For the first time since 1930 the US national soccer/football team won its World Cup qualifying group with a dramatic, last-minute, 1-0 win over Algeria. Soccer skeptics might immediately assume yet another yawning 1-0 match. But if those skeptics are also baseball fans, they might assume a great pitchers’ duel. In this instance, we had a great goalkeepers’ duel as Tim Howard of the US and Faouzi Chaouchi of Algeria were both kept busy with shots against the posts and breakaways. Indeed, it was as exciting and flowing match as could be hoped for. And as we predicted, social media kept the excitement flowing to ever widening audiences.
Twitter had its most overwhelming day when the US drew with England back on 12 June – soon followed by the Lakers’ dramatic win over the Celtics to win the NBA Championship. Yesterday’s world cup win will likely dwarf those figures, as the top three ‘hot searches’ on Twitter as of this posting relate to the match.to traditional powerhouses like France and England. The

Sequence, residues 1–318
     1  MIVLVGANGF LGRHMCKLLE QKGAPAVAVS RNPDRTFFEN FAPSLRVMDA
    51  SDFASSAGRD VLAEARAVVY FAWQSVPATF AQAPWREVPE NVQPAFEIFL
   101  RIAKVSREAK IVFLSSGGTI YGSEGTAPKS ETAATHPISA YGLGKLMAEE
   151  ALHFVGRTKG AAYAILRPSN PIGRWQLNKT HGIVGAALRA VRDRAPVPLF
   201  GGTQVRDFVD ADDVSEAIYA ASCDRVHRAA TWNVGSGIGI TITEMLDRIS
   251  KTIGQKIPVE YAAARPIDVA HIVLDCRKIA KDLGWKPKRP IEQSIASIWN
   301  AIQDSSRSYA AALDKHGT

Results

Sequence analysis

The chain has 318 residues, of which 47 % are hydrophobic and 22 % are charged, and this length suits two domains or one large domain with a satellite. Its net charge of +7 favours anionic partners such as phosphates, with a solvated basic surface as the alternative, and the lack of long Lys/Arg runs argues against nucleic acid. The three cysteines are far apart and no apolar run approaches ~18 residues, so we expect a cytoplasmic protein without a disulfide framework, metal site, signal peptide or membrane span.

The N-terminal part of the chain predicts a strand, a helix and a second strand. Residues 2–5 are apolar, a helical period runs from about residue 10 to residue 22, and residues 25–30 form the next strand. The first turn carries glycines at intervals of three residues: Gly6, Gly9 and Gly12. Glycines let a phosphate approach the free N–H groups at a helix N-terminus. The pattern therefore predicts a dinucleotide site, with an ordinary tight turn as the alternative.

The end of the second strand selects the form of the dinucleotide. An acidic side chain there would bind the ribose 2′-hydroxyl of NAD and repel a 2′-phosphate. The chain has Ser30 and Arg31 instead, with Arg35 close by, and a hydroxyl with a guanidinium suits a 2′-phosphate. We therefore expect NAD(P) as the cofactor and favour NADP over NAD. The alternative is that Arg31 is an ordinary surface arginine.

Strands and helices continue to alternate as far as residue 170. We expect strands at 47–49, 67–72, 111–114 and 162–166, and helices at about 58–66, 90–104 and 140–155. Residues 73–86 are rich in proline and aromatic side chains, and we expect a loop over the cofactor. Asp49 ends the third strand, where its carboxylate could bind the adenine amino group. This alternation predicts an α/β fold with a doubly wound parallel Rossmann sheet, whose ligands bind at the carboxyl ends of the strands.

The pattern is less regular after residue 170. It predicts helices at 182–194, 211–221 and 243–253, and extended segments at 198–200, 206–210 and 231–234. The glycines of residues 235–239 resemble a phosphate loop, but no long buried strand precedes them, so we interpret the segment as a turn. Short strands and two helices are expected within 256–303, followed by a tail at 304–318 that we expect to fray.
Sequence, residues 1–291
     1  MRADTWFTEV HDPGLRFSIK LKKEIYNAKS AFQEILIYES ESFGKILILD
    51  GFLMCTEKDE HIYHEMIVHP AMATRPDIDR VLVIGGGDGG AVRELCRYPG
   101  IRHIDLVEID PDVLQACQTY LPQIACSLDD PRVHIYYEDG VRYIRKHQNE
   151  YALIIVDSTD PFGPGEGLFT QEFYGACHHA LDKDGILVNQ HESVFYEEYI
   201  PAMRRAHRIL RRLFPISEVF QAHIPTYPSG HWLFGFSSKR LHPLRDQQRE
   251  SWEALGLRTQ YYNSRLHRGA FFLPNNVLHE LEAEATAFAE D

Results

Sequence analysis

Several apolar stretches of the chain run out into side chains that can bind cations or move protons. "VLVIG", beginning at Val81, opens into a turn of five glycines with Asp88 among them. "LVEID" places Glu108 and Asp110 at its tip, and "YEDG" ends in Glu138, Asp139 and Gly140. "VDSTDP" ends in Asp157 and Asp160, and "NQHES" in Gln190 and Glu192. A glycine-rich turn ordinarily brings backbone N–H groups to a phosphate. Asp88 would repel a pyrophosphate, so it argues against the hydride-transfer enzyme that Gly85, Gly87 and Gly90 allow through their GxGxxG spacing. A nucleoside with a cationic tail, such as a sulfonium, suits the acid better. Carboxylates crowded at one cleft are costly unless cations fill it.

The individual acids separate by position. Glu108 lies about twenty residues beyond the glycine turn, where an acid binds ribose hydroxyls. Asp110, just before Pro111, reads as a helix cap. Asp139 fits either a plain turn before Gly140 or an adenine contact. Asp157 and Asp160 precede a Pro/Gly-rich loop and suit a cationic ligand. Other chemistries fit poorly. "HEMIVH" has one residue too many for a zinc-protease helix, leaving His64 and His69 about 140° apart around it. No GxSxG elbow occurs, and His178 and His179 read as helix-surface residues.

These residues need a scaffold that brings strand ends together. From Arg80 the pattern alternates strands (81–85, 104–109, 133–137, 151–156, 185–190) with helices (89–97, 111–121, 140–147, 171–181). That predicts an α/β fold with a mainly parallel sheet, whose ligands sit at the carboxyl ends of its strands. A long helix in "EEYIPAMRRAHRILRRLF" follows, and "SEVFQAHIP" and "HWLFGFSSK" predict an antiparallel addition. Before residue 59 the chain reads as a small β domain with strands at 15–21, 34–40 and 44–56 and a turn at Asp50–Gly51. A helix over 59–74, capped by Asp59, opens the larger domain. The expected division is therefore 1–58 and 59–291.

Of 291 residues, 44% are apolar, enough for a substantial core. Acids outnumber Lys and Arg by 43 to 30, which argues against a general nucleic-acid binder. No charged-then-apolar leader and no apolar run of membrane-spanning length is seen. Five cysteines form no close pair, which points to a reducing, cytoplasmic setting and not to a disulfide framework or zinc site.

From a soccer fan’s point of view, one must now set one’s sights for the Round-of-16 match against Ghana on Saturday. From a social media user’s point of view, the intriguing issue is how one can watch the ripple effect of SM as even disinterested groups connected to interested groups get pulled into the excitement. One can imagine what could draw people unaware of your organization’s good work into the growing group who are well aware of your organization’s good work. Admittedly, scales are different (few of us get to have our jobs televised live on ABC/ESPN), but the effect is the same: the draw of connections among users of social media brings ever-growing results.
May the US have a similar result on Saturday – whether you follow it via social media, traditional media, or a likely combination of both.